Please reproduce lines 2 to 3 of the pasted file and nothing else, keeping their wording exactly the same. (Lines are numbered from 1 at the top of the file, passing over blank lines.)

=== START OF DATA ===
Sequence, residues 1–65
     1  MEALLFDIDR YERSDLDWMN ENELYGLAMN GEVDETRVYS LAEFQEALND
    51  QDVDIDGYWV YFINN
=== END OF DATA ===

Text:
     1  MEALLFDIDR YERSDLDWMN ENELYGLAMN GEVDETRVYS LAEFQEALND
    51  QDVDIDGYWV YFINN